Assessment options for the inclusive classroom should reflect the diverse skills and goals of students in the class. Jorgensen (1997) suggests using frequent assessment checks to determine progress, allowing students to demonstrate their learning through varied modes of expression, and having students complete unit projects which allow for synthesis of individual strengths and interests with specific content learning.
Again, individual needs will dictate how particular lessons, labs or assessment options may have to be modified to enable all students to reach their full potential. Taking advantage of a special education teacher's or parent's expertise about a particular student is often a productive means of determining what strategies would work well in a given situation (Weld, 1990). Experienced science teachers in inclusive classrooms stress that involving a student's classmates in devising ways to adapt lessons to individual student needs is often a strikingly successful process (Richardson, 1994; Weld, 1990). Educational or professional organizations may also be able to provide access to more specific examples of other teachers' positive experiences with inclusion in science class.
INCLUSION AND TEACHER ATTITUDE
One problematic attitude is the feeling that addressing the needs of individual students compromises the notion of "fairness." As Stefanich (1994) pointed out, "At an early age...students develop a belief system that equal treatment is fair treatment. A utilitarian view, what is best for the majority is best for everyone, is often a very permeating orientation in the classroom." However, fairness can also be viewed as treating equals equally and unequals unequally. All students can participate in some way in the science classroom, even if it is not the same way. Jorgensen (1997) outlines a successful inclusion strategy which organizes content around central themes, issues or problems, and allows students to meet educational objectives in various ways most conducive to individual strengths and needs. Such a strategy is helpful to and appropriate for every student in the classroom, not just those with disabilities. To be sure, teaching an inclusive science classroom effectively involves a commitment to the needs of all students, and all students can benefit from the process.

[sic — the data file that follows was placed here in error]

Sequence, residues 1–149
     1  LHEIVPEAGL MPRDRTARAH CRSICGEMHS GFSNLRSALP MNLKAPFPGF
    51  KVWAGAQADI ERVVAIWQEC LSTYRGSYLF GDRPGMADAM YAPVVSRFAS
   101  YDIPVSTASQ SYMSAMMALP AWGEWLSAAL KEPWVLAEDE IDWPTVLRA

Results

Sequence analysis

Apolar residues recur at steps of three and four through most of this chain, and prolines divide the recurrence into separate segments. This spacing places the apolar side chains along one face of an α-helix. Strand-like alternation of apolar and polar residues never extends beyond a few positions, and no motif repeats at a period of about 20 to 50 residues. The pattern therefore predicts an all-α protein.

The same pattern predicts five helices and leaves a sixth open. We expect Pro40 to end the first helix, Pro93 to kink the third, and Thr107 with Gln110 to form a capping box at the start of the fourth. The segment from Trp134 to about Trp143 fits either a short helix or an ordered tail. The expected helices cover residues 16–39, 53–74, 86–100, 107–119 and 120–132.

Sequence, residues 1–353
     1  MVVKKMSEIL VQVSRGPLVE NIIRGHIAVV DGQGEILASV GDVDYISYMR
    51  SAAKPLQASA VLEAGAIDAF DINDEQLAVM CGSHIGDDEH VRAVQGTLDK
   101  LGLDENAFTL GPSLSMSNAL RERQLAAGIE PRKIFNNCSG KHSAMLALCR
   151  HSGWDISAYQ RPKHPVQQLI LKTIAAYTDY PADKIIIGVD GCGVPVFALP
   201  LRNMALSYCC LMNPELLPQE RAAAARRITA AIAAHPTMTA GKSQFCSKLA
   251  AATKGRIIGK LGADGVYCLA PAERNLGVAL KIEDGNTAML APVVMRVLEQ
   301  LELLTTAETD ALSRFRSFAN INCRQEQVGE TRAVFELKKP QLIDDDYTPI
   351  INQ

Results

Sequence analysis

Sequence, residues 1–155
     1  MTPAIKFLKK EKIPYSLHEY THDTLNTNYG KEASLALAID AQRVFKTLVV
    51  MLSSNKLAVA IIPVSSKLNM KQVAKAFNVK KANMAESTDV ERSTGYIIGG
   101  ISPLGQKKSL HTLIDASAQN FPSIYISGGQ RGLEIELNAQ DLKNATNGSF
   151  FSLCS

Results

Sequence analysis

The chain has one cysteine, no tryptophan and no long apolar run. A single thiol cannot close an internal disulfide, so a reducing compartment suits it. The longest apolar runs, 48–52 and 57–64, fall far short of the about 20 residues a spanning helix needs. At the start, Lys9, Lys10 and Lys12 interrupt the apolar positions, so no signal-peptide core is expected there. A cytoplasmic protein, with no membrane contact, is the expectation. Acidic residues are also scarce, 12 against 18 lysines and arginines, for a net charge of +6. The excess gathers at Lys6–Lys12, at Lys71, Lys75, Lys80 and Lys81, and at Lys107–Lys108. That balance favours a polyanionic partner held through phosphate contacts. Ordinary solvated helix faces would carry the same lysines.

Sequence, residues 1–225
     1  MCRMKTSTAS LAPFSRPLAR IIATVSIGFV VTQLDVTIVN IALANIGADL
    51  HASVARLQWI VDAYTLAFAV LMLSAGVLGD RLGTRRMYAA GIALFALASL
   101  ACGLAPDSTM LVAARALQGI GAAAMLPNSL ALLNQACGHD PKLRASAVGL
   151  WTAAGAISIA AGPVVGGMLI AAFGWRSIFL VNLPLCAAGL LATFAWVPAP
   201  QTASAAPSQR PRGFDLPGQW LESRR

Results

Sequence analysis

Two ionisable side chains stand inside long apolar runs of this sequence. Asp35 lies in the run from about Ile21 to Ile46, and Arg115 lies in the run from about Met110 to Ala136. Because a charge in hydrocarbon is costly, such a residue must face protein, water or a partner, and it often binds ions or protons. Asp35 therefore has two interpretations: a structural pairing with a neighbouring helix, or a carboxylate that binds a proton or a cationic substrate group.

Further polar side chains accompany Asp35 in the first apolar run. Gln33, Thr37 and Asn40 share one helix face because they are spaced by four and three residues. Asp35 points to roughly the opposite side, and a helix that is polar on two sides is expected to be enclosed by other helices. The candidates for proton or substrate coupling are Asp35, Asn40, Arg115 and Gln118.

Jorgensen, C. M. (1997). Curriculum and its impact on inclusion and the achievement of students with disabilities. Consortium on Inclusive Schooling Practices Issue Brief, http://www.asri.edu/CFSP/brochure/curricib.htm
Rainforth, B. Related services supporting inclusion: Congruence of best practices in special education and school reform. Consortium on Inclusive Schooling Practices Issue Brief, http://www.asri.edu/CFSP/brochure/related.htm
Richardson, M. (1994). We all learned together. "Science Scope," 17(6), 68-70. [EJ 480 216]
Roach, V., Halvorsen, A., Zeph, L., Giugno, M., & Caruso, M. (1997). Providing accurate placement data on students with disabilities in general educational settings. Consortium on Inclusive Schooling Practices Issue Brief, http://www.asri.edu/CFSP/brochure/placeib.htm
Roberts, R. & Bazler, J. A. (1993). Adapting for disabilities: Make your classroom an equal opportunity environment. "The Science Teacher," 60(1), 22-25. [EJ 469 524]
Sax, C., Pumpian, I., & Fisher, D Assistive technology and inclusion. Consortium on Inclusive Schooling Practices Issue Brief, http://www.asri.edu/CFSP/brochure/asstech.htm
Scruggs, T. E. & Mastropieri, M. A. (1994). Refocusing microscope activities for special students. "Science Scope," 17(6), 74-78. [EJ 460 526]
Stefanich, G. (1994). Science educators as active collaborators in meeting the educational needs of students with disabilities. "Journal of Science Teacher Education," 5(2), 56-65. [EJ 503 968]
Simons, G. & Hepner, N. (1992). The special student in science. "Science Scope," 16(1), 34-39, 54. [EJ 452 102]
Weisgerber, R. A. (1990). Encouraging scientific talent. "The Science Teacher," 57(8), 38-39. [EJ 418 949]
Weld, J. D. (1990). Making science accessible: Special students, special needs. "The Science Teacher," 57(8), 34-38. [EJ 418 948]
Women, Minorities and Persons with Disabilities in Science and Engineering: 1996. (1996). http://www.nsf.gov/sbe/srs/nsf96311/2student.htm
RESOURCES ON THE WORLD WIDE WEB
ERIC Clearinghouse on Disabilities and Gifted Education http://www.ced.sped.org/ericec.htm
The National Information Center for Children and Youth with Disabilities http://www.nichcy.org/
Consortium on Inclusive Schooling Practices http://www.asri.edu/cfsp/brochure/abtcons.htm
Circle of Inclusion http://circleofinclusion.org/